Posted 19 April 2012 - 09:09 PM
Posted 22 April 2012 - 10:03 AM
If you start with a fresh engine. They can be very reliable, if you don't go trying to change port timing or compression. And excessive over revving.
The original crank seals don't last long with all the crap in the fuel now days. The new seals are made of a better substance.
The Kawasaki frame is very light and sometimes scary feeling. Not very sure footed.
It cost $350 to have the crank rebuilt.
The Suzuki GT 380, 550, 750 line of 2 stroke triples is interesting also. They have more mild power delivery than the kawasaki's which is in the bore-stroke and not easy to supe up. The 550 was kind of a let down power wise, but from what i heard the 380 and 750 (water cooled) aren't bad. The 750 (water buffalo) was the first water cooled street bike of the big 4 (Kaw,Hon,Suz,Yam)
The Suzuki's are way easier and cheaper to find.
The pipes are usually shot on the suzuki's, but you can have new, power increasing ones made for around $750.
Edited by yellowsnow, 22 April 2012 - 10:09 AM.
Posted 22 April 2012 - 04:34 PM
Posted 22 April 2012 - 04:52 PM
Posted 23 April 2012 - 04:33 AM
Posted 23 April 2012 - 09:40 AM
Posted 27 July 2012 - 07:38 AM
I have found them to be as reliable as any other bike from the time period (and I have other bikes that were direct competition of the time period) Most bikes have the points type ignitions which if the gap is kept in check over the life of the points, I have never had a bike leave me on the side of the road. Performance is subjective, power is pretty peaky compared to other 2 stroke street bikes. Handleing is scary because the engines make a bit more power than the chassis can handle. IMO the 350 and 400 are the best "all around" bike. Those ride/handle well, stop well, and have the get up and go because they are so light. IMO the 750 is a stinker when compared to the 500 as it really doesn't feel much faster and is a lot heavier, it stops marginally better, however the 74 500 seems to be the year that technology (mostly braking) could keep up with the engine performance, but then the KZ1000 and KZ900 just took things to the next level along with Honda's and Yamaha's offerings.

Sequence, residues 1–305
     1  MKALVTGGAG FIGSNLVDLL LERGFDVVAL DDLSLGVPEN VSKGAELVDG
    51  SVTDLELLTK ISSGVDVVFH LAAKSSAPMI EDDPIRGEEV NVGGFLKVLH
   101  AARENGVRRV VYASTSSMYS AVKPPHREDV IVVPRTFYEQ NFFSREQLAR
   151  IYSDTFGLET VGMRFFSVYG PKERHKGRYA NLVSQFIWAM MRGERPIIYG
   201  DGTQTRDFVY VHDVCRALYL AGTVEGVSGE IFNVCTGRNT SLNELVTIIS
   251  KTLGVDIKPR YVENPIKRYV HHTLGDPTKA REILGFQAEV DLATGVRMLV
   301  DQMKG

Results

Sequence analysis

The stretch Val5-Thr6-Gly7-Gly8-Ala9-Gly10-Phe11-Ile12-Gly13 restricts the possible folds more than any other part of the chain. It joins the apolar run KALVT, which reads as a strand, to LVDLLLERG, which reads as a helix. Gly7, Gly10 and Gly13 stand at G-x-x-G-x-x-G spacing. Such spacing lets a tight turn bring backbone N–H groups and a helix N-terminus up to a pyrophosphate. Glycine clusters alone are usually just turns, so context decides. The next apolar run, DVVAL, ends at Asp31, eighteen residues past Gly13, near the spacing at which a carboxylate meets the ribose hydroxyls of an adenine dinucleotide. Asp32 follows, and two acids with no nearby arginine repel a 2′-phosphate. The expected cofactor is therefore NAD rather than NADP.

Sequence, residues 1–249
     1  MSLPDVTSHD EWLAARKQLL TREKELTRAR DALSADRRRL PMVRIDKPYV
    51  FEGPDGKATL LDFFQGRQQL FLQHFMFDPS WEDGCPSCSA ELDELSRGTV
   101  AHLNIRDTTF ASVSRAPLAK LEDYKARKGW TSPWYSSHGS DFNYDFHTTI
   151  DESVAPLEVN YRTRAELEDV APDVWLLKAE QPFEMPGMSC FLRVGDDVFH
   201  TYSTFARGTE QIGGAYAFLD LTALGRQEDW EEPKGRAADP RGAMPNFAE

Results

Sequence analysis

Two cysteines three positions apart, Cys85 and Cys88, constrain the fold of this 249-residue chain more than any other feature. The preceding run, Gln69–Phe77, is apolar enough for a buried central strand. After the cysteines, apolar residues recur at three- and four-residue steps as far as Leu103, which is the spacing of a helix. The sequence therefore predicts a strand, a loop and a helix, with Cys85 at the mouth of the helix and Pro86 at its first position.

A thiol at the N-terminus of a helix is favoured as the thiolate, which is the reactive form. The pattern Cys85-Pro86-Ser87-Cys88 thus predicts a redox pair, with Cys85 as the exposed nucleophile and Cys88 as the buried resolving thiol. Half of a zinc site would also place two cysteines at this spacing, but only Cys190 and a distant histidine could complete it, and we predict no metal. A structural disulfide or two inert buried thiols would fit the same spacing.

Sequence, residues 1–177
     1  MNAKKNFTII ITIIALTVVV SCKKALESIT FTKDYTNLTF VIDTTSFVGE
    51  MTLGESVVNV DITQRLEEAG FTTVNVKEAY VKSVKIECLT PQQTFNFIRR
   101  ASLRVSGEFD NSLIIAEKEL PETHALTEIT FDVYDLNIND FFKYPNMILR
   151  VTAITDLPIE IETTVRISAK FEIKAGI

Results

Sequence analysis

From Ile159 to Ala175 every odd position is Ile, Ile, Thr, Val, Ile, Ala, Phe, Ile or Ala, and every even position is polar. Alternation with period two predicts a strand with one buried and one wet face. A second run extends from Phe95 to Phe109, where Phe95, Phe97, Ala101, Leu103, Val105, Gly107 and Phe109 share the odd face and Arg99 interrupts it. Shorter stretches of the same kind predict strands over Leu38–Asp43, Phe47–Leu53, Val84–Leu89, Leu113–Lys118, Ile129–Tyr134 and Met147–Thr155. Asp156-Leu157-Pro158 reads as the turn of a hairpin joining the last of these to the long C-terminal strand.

I wish I had better and updated pics as some bikes in the pics are now either restored or rideable/legal "cosmetic" restoration process.
1969 H1 (500)
1973 S2 (350)
The bike before the tripples
1968 A7SS (350 rotary valve twin) Avenger
A few others 2 of wich are now in ridable condition.
Some Kawasaki Big Horn's in this lot (350 rotary valve single)
1974 H1 (500) now in ridable condition but still needs some cosmetics
Just for parts
Posted 27 July 2012 - 03:01 PM
Posted 01 August 2012 - 10:42 PM
Posted 03 August 2012 - 05:13 AM
I need to get updated pics of those bikes sometime. These were taken about 5 years ago. Some of the junkers are up and running.
Posted 06 August 2012 - 11:23 PM
Now just for the economy to pick up for that to happen....
Posted 07 August 2012 - 02:49 PM
Posted 07 August 2012 - 03:07 PM
Posted 08 August 2012 - 06:57 PM
Pretty sure that is a KZ400 not a 750.
Both pretty lackluster machines
Posted 21 August 2012 - 07:05 AM
Posted 16 September 2012 - 06:40 AM
Posted 16 September 2012 - 07:13 AM
Posted 16 September 2012 - 08:23 AM